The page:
West Bridgewater – Someone entered our schoolhouse [most likely the Sprout schoolhouse] and roasted chicken and cooked eggs—as feathers and eggs were found on the floor around the stove. Better count your chickens, they were Plymouth Rocks. Seems a pity our schoolhouse can’t have a lock so the tramps can’t enter. First thing we know we won’t have a schoolhouse, as there is danger of their setting it on fire.
Dimock – Messrs. Percy Ballantine and Francis R. Cope have made known to the board of education that they jointly would like to erect a fully equipped High school building in Dimock, which should cost not less than ten thousand dollars, as a gift from them to the township. Only a few conditions were named in connection with the offer, one of which was that six of the township schools should be closed and the children from these districts brought to the Dimock township High school. A.J. Tingley has offered a lot as a site for the new school building.
Jackson – The 8th of May, 1916, being the 50th wedding anniversary of Mr. and Mrs. W.W. Pope, the relatives and friends decided to meet and extend to them their congratulations and best wishes. The couple were completely surprised by over 80 guests and relatives, but soon entered into the fun of the occasion. They were presented with some gold pieces, a gold thimble and a gold spoon. Mr. and Mrs. Pope have resided in Gibson township all their lives. He now conducts a successful furniture and undertaking business in this place. They have two daughters, Bertha Pope of Washington, D.C. and Grace Pope, at home. ALSO The North Jackson M. E. church is being painted two coats by the Tennant Bros., the well-known painters of Uniondale.
New Milford – “The Oldest Grave in Susquehanna County.” According to the New Milford Advertiser, the oldest [known] grave of an inhabitant of Susquehanna county is located in the New Milford cemetery. It is that of a child, a son of the first permanent settler in New Milford. The small dark slab of slate which marks the grave bears this inscription: “In memory of Warren Corbett, who died March 23, 1795, aged 7 years.” The grave is located at the top of the hill at the right of the first entrance to the old portion of the burial ground. The child’s father located his cabin on the site of what is known as the Phinney Hotel. In 1803 he sold his farm to Colonel Longstreet and moved to Corbettsville, NY. [Warren was most likely the son of Robert Corbett who lived, at that time, in what was known as Willingborough Township, Luzerne County and considered the first settler in that vicinity. He came from near Boston, through the agency of Mr. Cooper, of Cooperstown, New York. In 1801 he was taxed as an “innkeeper,” but left soon after with his sons for the mouth of Snake Creek—now Corbettsville. Willingborough, now Harmony, Oakland and Great Bend, did extend over the area of New Milford, established as a township in 1807. Susquehanna County was separated from Luzerne County in 1810.]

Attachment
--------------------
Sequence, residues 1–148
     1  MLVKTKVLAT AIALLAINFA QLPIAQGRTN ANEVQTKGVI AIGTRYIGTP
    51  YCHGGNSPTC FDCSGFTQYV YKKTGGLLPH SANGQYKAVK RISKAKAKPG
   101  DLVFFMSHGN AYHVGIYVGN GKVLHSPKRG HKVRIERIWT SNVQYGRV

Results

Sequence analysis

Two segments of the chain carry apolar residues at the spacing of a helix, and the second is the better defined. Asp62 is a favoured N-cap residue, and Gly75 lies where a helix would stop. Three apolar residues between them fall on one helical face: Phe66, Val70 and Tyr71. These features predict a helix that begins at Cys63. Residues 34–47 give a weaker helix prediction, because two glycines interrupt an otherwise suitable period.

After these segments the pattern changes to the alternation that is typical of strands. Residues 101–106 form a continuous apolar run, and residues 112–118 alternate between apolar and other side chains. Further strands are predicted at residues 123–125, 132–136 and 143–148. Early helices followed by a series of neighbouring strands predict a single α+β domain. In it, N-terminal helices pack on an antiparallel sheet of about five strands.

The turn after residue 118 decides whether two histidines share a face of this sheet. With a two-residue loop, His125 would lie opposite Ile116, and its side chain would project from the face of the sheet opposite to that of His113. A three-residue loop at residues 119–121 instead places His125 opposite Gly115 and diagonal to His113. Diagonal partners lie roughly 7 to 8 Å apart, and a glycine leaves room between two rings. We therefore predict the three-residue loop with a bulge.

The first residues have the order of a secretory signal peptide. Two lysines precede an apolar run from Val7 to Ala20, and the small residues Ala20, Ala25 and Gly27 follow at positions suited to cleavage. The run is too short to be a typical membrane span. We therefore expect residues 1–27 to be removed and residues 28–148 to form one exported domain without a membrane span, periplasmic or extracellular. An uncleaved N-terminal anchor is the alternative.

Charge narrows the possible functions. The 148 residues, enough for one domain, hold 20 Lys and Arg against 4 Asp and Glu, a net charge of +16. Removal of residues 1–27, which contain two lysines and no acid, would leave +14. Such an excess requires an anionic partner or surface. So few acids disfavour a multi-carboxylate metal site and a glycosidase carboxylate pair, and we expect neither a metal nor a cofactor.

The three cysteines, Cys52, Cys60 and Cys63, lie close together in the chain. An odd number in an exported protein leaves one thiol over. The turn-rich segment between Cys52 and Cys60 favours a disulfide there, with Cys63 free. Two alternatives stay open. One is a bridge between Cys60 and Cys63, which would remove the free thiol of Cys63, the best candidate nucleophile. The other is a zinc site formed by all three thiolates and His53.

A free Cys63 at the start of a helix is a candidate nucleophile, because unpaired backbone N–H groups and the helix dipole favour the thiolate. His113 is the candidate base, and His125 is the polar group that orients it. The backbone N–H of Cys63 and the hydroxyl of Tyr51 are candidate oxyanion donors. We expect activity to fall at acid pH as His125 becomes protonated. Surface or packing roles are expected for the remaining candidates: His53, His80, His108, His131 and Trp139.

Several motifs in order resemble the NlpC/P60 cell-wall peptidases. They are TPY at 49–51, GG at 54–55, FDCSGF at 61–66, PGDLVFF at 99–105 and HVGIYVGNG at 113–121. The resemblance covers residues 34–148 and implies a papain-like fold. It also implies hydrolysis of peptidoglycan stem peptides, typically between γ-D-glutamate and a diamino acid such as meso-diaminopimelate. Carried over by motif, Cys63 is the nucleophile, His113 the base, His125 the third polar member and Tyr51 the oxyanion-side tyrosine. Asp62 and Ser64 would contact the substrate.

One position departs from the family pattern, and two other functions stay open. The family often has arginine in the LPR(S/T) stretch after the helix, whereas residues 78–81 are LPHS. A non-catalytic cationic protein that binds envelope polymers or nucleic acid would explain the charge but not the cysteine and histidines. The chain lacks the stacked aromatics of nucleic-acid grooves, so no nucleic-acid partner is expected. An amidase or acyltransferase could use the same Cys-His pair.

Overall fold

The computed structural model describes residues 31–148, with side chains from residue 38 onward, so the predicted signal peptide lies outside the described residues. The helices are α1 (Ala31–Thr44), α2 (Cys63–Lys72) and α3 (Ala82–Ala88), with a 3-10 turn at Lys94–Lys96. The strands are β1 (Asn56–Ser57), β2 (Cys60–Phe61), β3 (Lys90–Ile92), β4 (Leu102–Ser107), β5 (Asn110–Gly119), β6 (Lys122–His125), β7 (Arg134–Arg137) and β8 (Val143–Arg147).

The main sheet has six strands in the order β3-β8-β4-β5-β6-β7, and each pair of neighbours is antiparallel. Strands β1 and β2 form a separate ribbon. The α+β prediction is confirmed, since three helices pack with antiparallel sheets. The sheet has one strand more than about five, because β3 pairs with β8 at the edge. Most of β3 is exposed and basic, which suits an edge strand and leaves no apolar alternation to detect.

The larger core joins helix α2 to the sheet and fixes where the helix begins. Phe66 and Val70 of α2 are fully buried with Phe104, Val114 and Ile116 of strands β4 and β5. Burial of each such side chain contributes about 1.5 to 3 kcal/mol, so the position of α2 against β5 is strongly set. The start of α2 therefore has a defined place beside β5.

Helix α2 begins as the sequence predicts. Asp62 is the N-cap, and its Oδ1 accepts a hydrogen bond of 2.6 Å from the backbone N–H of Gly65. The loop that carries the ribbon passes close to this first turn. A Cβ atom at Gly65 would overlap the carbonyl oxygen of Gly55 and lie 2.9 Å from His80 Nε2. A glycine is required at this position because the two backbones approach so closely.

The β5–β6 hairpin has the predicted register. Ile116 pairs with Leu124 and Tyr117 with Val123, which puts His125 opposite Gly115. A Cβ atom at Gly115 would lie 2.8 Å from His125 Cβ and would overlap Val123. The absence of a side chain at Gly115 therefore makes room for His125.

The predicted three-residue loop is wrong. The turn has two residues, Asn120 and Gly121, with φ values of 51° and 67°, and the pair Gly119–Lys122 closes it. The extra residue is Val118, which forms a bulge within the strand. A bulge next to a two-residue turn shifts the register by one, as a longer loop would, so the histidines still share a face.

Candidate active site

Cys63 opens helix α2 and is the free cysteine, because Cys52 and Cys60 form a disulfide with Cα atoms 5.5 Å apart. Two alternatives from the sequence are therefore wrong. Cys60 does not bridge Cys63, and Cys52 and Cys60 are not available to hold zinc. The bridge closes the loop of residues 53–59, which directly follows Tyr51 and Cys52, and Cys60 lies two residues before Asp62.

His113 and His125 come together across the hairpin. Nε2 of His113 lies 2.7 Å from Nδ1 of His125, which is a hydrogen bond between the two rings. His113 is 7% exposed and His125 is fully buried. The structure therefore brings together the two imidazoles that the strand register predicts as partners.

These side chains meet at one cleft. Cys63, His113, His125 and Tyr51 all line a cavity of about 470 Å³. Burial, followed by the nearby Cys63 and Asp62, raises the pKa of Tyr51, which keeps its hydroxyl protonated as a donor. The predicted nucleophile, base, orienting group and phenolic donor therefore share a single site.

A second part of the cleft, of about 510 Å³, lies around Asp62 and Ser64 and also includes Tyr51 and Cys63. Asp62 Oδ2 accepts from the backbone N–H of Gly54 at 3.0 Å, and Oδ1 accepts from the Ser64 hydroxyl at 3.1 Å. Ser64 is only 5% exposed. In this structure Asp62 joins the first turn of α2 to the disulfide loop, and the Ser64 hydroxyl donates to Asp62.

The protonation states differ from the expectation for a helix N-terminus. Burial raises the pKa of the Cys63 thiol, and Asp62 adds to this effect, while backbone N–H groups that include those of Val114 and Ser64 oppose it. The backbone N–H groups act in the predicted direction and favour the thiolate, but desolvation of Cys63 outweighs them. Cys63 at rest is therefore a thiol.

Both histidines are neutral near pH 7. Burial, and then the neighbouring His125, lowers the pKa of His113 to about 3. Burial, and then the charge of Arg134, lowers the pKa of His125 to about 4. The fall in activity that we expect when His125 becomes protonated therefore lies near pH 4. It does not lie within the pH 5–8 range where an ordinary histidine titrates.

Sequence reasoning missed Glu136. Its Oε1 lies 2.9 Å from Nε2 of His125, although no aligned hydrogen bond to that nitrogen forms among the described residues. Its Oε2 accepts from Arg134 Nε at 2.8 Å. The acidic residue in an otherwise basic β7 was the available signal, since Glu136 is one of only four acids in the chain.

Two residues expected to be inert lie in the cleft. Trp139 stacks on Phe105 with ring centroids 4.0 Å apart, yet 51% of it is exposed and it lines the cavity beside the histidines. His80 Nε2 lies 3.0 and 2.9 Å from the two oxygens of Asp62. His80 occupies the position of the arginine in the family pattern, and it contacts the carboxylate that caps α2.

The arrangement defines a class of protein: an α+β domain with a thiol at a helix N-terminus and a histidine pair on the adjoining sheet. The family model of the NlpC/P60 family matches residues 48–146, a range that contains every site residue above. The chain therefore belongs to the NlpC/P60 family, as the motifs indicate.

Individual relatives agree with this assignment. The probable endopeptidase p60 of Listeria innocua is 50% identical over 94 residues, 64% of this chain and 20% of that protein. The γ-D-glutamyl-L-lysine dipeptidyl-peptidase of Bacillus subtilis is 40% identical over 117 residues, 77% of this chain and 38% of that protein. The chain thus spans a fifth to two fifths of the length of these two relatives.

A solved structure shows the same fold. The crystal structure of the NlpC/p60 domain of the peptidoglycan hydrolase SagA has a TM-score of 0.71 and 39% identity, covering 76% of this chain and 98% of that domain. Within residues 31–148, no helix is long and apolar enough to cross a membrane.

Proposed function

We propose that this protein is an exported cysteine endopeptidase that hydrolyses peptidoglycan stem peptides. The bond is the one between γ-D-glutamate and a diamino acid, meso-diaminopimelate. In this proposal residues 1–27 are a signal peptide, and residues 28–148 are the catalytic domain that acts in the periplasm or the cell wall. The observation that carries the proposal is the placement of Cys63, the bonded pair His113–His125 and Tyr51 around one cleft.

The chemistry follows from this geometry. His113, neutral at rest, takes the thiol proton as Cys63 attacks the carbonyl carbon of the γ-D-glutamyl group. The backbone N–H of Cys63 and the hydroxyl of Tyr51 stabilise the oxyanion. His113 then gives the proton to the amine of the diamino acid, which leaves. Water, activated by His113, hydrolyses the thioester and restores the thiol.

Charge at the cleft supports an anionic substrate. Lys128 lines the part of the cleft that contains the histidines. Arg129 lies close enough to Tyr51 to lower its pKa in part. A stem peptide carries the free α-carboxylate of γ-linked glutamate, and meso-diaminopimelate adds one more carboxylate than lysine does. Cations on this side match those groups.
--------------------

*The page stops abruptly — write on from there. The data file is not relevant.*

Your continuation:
South Harford – The Book Club met with Mrs. Geo. McNamara and a good time was reported. Next meeting with Mrs. Frank Pickering, at South Gibson.
Fairdale – Mrs. Charles Strange and Mrs. H.B. Downer returned to Binghamton, yesterday, after spending a week at Fairdale. They accompanied their father, Robert Strange, aged over 90 years, to Fairdale on Sunday, where he will spend the summer at his old home with his daughter Mrs. George Olmstead. [Robert Strange, born in 1826, died 27 Feb. 1918, age 91 years, 9 months & 22 days. He is buried in the Fairdale Cemetery.]